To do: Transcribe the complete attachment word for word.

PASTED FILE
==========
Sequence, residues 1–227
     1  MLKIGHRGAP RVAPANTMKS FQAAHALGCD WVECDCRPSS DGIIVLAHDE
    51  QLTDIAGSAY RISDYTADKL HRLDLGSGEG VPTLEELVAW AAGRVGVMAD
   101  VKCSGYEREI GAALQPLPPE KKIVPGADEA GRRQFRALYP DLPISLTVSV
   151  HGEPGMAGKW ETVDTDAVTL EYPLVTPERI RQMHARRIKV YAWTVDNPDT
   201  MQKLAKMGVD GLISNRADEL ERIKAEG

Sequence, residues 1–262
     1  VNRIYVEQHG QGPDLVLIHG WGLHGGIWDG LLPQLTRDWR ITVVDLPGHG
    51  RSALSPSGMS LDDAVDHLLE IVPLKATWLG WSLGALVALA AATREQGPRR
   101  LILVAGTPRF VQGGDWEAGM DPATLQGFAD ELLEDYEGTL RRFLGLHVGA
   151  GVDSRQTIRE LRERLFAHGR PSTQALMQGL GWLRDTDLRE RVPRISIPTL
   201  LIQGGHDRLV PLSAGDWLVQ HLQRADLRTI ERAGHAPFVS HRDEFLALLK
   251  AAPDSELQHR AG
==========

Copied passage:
Sequence, residues 1–227
     1  MLKIGHRGAP RVAPANTMKS FQAAHALGCD WVECDCRPSS DGIIVLAHDE
    51  QLTDIAGSAY RISDYTADKL HRLDLGSGEG VPTLEELVAW AAGRVGVMAD
   101  VKCSGYEREI GAALQPLPPE KKIVPGADEA GRRQFRALYP DLPISLTVSV
   151  HGEPGMAGKW ETVDTDAVTL EYPLVTPERI RQMHARRIKV YAWTVDNPDT
   201  MQKLAKMGVD GLISNRADEL ERIKAEG

Sequence, residues 1–262
     1  VNRIYVEQHG QGPDLVLIHG WGLHGGIWDG LLPQLTRDWR ITVVDLPGHG
    51  RSALSPSGMS LDDAVDHLLE IVPLKATWLG WSLGALVALA AATREQGPRR
   101  LILVAGTPRF VQGGDWEAGM DPATLQGFAD ELLEDYEGTL RRFLGLHVGA
   151  GVDSRQTIRE LRERLFAHGR PSTQALMQGL GWLRDTDLRE RVPRISIPTL
   201  LIQGGHDRLV PLSAGDWLVQ HLQRADLRTI ERAGHAPFVS HRDEFLALLK
   251  AAPDSELQHR AG